If you have a lot of investments, then finding out if you’re a good investor is something you should take a closer look at…
Being a bad investor is like being bad in bed!
Much like gambling. Everyone is happy to share their good results but you rarely hear about the bad ones. We tend to keep rather quiet about those!
What is a good investor?
There are many facets to being a smart investor. A “good return” being one.
But there’s more to it than that.
Several other things you need to think about. And that’s what I want to talk you about today.
Firstly, what risk have you taken to get that good return. If you’ve gambled your money on a horse, you’d expect a big payday – you’ve taken a lot of risk. You can see it jumping the fences and know there’s a lot that can go wrong.
What about your other investments?
When you invest in a company you don’t see the fences. You know about the horse, perhaps the course, but as a shareholder you’re blissfully unaware of any trials and tribulations until the results are announced.
You can’t see the fences.
You want lower risk. Makes perfect sense.
But how much risk are you taking?
You happily deposit the money with your broker – then wait and see.
Fortunately, there are tools at your disposal to measure your “risk / return”
The Sharpe ratio was developed by Nobel laureate William F. Sharpe. It’s used to help investors understand the return of an investment compared to its risk. The ratio is the average return earned in excess of the risk-free rate per unit of volatility or total risk.
In layman’s speak. If you deduct the “risk-free rate” (such as UK Gilts) from the return you get. You can isolate the surplus – which is essentially the profits associated with risk-taking activities. If you compare this to other investments with similar risk (from other product providers) – you’ll know whether you’re getting a good return relative to the risk you’re taking.
If you make a lot of investments, this is something you should take a closer look at.
It’s not rocket science.
Generally, the greater the value of the Sharpe ratio, the more attractive the risk-adjusted return.
Simply asking your broker could be enough to make them a little bit more careful about how they are investing your money.
The second point I want to touch upon is purchasing power.
If you invest £10 which at the time can buy you three pints of larger and 12 months later you receive £12 but that can only buy two pints, you’ve lost purchasing power – despite making what on the face of it, looks like a pretty good return.
Although there’s no constant in economics. In any market all goods, assets, currencies, etc. continuously fluctuate in value relative to each other due to ever changing supply and demand dynamics.
Gold seems better than most, so could be considered as one way of securing one’s purchasing power.
By way of example. In the week from January 4 until January 9, 2016, the price of gold in British pounds surged 5.9 % from £23,096 pound per Kg to £24,469 per Kg. We can be reasonably confident that the price of goods and services in the UK remained broadly flat during this period. As a consequence, in this example gold could buy 5.9 % more goods and services at the end of the week, whilst sterling could buy exactly the same amount of goods and services all week long. So, in this particular example, what was more constant? It was sterling. But I would argue, that over the longer terms (particularly with Brexit around the corner) – it will be gold.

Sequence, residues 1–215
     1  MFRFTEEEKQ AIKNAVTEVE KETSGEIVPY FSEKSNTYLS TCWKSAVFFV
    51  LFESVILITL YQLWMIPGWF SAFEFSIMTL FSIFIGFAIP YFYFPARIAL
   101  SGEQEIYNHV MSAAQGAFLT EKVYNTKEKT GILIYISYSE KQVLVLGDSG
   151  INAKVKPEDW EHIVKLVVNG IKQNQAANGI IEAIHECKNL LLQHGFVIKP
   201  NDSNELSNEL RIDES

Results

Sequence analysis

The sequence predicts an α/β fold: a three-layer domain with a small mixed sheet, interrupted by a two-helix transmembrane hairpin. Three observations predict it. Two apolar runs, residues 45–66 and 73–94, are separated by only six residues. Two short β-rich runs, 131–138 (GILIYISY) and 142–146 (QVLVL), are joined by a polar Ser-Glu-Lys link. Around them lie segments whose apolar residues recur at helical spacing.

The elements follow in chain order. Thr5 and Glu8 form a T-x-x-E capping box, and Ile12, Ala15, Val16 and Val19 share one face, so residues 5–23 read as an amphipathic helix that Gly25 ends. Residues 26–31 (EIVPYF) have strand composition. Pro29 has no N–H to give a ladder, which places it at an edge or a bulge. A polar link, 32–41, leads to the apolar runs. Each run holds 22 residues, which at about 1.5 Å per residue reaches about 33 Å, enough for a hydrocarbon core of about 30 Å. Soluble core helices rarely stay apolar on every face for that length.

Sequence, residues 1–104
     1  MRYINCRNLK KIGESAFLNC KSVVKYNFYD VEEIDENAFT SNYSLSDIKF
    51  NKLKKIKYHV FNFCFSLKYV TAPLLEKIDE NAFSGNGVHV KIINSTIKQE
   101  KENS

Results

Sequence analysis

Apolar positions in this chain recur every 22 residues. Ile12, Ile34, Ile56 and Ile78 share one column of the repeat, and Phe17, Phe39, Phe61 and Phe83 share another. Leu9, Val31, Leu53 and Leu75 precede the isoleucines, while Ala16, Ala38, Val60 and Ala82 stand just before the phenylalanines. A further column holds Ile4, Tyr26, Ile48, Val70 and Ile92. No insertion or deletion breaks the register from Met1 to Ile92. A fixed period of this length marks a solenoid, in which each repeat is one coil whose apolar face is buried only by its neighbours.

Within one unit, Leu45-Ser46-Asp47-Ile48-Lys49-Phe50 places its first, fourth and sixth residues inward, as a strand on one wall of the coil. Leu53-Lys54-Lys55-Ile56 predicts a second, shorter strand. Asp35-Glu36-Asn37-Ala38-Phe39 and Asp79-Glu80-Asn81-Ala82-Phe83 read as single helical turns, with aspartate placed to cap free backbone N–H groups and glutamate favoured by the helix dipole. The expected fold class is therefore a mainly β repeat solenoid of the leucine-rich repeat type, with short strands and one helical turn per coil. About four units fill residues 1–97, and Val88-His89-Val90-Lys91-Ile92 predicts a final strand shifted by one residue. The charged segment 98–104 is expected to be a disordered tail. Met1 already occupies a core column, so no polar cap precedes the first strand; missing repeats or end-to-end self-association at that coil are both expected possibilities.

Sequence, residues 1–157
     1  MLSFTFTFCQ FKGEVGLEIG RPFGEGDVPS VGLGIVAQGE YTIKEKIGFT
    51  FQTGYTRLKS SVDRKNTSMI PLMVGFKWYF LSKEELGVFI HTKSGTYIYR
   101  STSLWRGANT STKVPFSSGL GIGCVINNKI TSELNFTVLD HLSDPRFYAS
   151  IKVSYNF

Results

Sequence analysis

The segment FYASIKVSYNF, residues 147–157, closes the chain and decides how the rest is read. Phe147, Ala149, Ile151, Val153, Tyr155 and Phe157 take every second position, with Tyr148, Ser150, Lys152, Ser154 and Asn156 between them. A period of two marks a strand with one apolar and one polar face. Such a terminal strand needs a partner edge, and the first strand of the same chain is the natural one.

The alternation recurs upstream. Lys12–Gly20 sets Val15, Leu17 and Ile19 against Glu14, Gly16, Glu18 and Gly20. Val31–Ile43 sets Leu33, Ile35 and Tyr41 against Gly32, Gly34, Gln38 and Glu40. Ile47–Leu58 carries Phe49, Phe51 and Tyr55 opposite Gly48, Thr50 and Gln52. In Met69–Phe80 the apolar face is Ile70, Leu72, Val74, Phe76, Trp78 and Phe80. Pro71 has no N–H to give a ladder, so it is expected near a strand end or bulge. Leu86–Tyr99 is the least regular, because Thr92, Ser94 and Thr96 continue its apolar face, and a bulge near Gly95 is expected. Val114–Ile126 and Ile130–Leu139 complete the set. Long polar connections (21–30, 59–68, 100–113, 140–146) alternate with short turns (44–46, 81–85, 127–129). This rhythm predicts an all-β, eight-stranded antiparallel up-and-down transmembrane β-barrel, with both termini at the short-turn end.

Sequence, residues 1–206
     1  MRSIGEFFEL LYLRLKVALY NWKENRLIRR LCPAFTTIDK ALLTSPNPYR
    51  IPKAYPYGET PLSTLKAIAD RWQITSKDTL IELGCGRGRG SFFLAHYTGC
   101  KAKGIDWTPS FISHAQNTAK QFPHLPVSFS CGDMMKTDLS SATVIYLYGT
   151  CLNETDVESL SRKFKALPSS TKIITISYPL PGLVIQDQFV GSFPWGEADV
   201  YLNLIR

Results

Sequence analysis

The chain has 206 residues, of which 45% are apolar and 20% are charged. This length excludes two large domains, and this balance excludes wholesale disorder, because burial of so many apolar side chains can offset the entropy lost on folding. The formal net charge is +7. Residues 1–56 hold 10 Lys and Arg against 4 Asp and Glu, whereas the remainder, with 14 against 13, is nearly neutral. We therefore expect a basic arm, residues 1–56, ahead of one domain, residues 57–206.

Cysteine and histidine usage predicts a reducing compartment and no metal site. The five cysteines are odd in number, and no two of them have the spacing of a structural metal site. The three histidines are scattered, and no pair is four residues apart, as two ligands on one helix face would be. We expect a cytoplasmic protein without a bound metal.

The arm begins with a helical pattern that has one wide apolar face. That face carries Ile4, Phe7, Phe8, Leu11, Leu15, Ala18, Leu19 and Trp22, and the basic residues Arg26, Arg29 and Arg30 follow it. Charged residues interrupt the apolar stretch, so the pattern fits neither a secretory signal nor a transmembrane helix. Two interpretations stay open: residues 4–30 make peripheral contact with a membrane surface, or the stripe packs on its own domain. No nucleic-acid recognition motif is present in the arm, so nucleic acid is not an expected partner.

In this example – if you wanted to improve your purchasing power, you should have held gold.
One of the great myths with gold is that one ounce has always bought the equivalent of a man’s suit.
There have certainly been times where this is true, but it hasn’t always been the case.
Sometimes the gold price is low relative to what a suit costs, and other times it’s higher.
It’s all about timing.
Right now, an ounce of gold is about US$1,400 per ounce. Which is a pretty nice suit.
But where could the price of gold go?
Some research from “Gold Silver” estimates that there are roughly $40,000 of liquid financial investments available per person. And in stark contrast, there’s just $200 of investment grade gold per person.
The gold market is clearly tiny by comparison to financial assets.
Imagine if 10% of those assets were re-allocated to buy gold – $4,000 of new demand per person to buy gold. And remember it’s only about $200 right now.
You can’t print gold. So the price should go up….a lot
Although it’s unclear how many investors will turn to gold should we have a crisis, the potential is enormous.
So much potential, in fact, that gold won’t just maintain its purchasing power, but could push your standard of living a lot higher.
You’ll probably be able to buy a lot more than a new suit with your ounce of gold.
But what about the downside?
All I would say is that right now, I see more risks to not owning, rather than owning gold.
Don’t say I didn’t warn you.